It's time for Will Mann to step into the footsteps of guys like Jorge Vega, Todd Moser, and Randy Beam. Mike McBryde and the rest of the bullpen have to perform like Joe Cali, Rich Clabeaux, and Tim McNab. If we approach any level of the success of the pitchers who have preceded us, it could be another great year.
In the offensive side, the heirs apparent to the power hitters of the past are waiting for their turn. Jordan Hafer, Brian Lipman, Jonathan Shapland, and Robbie Widlansky seem to be the best shots at coming close to Mike Ryan, John Edward Raffo, and Jack Penrod, in the home run category.
I really think that this team may not be the power type of the last few years. Our run production may have to come from a variety of methods. Regardless of the style we play, one thing is for sure...we will play hard and always do our best to live up to those who built the program.
New Tricks For An Old Dog....
Our practice format has been changed for the better thus far. Coach Roig came up with some ideas that have led to what I think have been pretty productive and spirited practices. We are also making better use of the extra field with which we are blessed, here at Florida Atlantic.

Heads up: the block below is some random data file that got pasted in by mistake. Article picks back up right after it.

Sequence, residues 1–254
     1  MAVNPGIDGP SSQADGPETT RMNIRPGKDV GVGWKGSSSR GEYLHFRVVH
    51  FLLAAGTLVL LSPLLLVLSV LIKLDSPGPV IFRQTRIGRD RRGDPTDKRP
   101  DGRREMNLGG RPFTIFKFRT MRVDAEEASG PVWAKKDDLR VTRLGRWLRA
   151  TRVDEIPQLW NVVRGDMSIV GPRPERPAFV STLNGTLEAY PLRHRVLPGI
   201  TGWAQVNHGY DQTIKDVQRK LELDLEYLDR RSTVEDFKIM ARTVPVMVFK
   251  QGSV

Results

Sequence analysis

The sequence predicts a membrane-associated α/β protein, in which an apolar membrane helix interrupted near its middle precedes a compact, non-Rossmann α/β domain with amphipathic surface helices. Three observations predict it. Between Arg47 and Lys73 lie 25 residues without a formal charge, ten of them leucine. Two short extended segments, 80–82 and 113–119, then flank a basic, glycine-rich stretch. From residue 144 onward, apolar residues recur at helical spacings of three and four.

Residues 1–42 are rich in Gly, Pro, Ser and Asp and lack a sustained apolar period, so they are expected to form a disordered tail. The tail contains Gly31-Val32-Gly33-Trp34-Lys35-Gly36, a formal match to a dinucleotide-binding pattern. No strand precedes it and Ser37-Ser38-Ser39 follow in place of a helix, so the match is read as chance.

Our position players are broken into three small groups that are rotated from our cages, to the main field, and then to the practice field. In each segment there is an opportunity for a lot of quality work on hitting, bunting and baserunning, or individual defense. The small size of the group and a coach for each has provided a better format for all this work.
As part of our conditioning, each group runs from station to station. The practice and main fields are about 200 yards apart, so players are repeatedly on the move. One freshman said he was dreaming all night about running back and forth.
Meanwhile our pitchers are split into groups throwing pens, doing drill work, and PFP. Everyone joins in a segment of team defense on the practice field, and then runs to the main field for BP.